20%, slowly reducing to 2-3 % at 20 years of age. This suggests that lens filters, especially those blocking UVR, may have a significant effect in children – by protecting the anterior segment, the retina and the eyelids specifically during that time in life when there is maximal EMR exposure and the least natural protection.
b) Ambient exposure of UV within sunlight : This is extremely variable but depends on the solar angle (greatest at the earth’s equator), atmospheric conditions (greatest in clear blue skies), and the reflectivity of the background surface (i.e. zero for grass and 90% for freshly fallen snow and water). The eyebrows and the upper eyelid reduce overhead globe exposure, – but are exposed themselves. Avoidance of exposure during the times of greatest risk remains the most powerful prevention, but is not always possible. Thus, peaked/brimmed caps and adequate UV A / B lens filters contribute further to the shielding effect.
c) Dose of optical radiation to cause damage – The lowest dose required to cause a short delay onset damage is referred to as the threshold dose. The only data available for human ocular tissue threshold dose is for the conjunctiva and the cornea. Data on all other ocular tissues come from animal models. The problem is that the daily ambient exposure dose is below threshold dose however it is the long-term nature of the exposure (potentially daily) that represents the problem. Thus, the only way to assess such damage is through retrospective epidemiological studies, some of which have very convincingly shown a relationship between UV R exposure and subsequent lens opacities.
d) Clinical expression of optical radiation damage in ocular tissue Epidemiological data on long term sub threshold optical electromagnetic radiation exposure shows that eyelid skin is at risk for basal cell carcinoma, conjunctiva for pingueculae and pterygia, cornea for climatic droplet keratitis, lens for cortical cataract (with animal model experiments showing that younger individuals at higher risk than older ones). The retina is protected against UV radiation by the anterior segment including the lens, likely not entirely so. While the effect is unproven, there is clearly a theoretical risk of increased Age Related Macular Degeneration with long-term visible light exposure.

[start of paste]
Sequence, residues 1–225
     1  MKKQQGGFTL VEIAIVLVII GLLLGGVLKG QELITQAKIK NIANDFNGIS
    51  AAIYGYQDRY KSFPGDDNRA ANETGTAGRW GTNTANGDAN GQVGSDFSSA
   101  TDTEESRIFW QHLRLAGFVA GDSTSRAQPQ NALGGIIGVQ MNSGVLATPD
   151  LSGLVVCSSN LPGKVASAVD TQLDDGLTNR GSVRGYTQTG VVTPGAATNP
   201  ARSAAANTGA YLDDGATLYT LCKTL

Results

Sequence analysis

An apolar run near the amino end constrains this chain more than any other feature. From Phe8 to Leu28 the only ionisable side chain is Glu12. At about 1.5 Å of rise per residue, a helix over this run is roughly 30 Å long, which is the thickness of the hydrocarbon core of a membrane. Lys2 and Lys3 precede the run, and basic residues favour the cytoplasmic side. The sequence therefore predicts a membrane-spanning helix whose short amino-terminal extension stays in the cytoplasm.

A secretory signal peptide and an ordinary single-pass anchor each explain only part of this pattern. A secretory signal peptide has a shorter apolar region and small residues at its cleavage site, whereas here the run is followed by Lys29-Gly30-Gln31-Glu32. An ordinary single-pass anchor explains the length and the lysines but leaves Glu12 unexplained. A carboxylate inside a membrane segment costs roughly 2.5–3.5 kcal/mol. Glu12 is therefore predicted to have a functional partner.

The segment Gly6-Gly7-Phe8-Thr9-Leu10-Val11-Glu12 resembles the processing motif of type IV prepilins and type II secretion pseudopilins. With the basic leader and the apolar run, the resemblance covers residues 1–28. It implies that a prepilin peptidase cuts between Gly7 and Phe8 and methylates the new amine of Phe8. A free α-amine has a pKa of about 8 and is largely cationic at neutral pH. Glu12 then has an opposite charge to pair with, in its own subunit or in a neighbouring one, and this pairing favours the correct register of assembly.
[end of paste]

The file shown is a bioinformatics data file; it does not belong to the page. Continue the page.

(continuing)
Selected References :
1. Sliney, D.H. Physical factors in cataractogenesis: ambient ultraviolet radiation and temperature. Invest. Ophthalmol. Vis. Sci. 1986 27, 781-790.
2. Söderberg, P.G., Philipson, B.T., Lindström, B. Unscheduled DNA synthesis in lens epithelium after in vivo exposure to UV radiation in the 300 nm wavelength region. Acta Ophthalmol. (Copenh.) 1986. 64, 162-168.
3. Dong, X., Ayala, M., Löfgren, S., Söderberg, P.G. Ultraviolet radiation-induced cataract: age and maximum acceptable dose. Invest. Ophthalmol. Vis. Sci. 2003 44,1150-1154.
4. Dong, X., Löfgren, S., Ayala, M., Söderberg, P.G. Maximum tolerable dose for avoidance of cataract induced by ultraviolet radiation-B for 18 to 60 weeks old rats. Exp. Eye Res. 2005.80, 561-566.
5. Taylor HR, West SK, Rosenthal FS, Munoz B, Newland HS, Abbey H, Emmett EA. Effect of ultraviolet radiation on cataract formation. N. Engl. J. Med. 1988; 319:1429–1433.
6. Cruickshanks KJ, Klein BE & Klein R (1992): Ultraviolet light exposure and lens opacities: the Beaver Dam Eye Study. Am J Public Health 82: 1658–1662.
7. Taylor HR (1990): Ultraviolet radiation and the eye: an epidemiological study. Trans Am Ophthalmol Soc 87:802–853.
8. Soderberg PG. Optical radiation and the eyes with special emphasis on children. Progress in Biophysics and Molecular Biology 107 (2011) 389e392
9. WHO, UNEP, IRPA, 1994. WHO Environmental health criteria 160. Ultraviolet radiation Human studies: The eye. WHO, Geneva.